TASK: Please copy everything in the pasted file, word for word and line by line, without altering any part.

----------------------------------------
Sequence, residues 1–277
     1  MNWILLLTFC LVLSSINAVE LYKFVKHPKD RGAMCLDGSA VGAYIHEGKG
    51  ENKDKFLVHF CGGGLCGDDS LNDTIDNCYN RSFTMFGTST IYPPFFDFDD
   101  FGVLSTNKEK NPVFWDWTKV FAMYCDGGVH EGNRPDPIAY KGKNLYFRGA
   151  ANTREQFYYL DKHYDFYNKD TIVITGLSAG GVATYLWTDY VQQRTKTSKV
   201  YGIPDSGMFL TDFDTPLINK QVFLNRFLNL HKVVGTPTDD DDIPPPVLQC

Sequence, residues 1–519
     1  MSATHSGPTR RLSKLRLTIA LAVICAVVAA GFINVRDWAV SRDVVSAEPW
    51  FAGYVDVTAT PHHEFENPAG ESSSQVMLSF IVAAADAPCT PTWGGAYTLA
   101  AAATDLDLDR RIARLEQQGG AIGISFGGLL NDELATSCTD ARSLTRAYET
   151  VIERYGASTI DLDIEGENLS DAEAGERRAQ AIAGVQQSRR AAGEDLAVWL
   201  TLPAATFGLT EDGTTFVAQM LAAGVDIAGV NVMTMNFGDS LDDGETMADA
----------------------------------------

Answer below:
Sequence, residues 1–277
     1  MNWILLLTFC LVLSSINAVE LYKFVKHPKD RGAMCLDGSA VGAYIHEGKG
    51  ENKDKFLVHF CGGGLCGDDS LNDTIDNCYN RSFTMFGTST IYPPFFDFDD
   101  FGVLSTNKEK NPVFWDWTKV FAMYCDGGVH EGNRPDPIAY KGKNLYFRGA
   151  ANTREQFYYL DKHYDFYNKD TIVITGLSAG GVATYLWTDY VQQRTKTSKV
   201  YGIPDSGMFL TDFDTPLINK QVFLNRFLNL HKVVGTPTDD DDIPPPVLQC

Sequence, residues 1–519
     1  MSATHSGPTR RLSKLRLTIA LAVICAVVAA GFINVRDWAV SRDVVSAEPW
    51  FAGYVDVTAT PHHEFENPAG ESSSQVMLSF IVAAADAPCT PTWGGAYTLA
   101  AAATDLDLDR RIARLEQQGG AIGISFGGLL NDELATSCTD ARSLTRAYET
   151  VIERYGASTI DLDIEGENLS DAEAGERRAQ AIAGVQQSRR AAGEDLAVWL
   201  TLPAATFGLT EDGTTFVAQM LAAGVDIAGV NVMTMNFGDS LDDGETMADA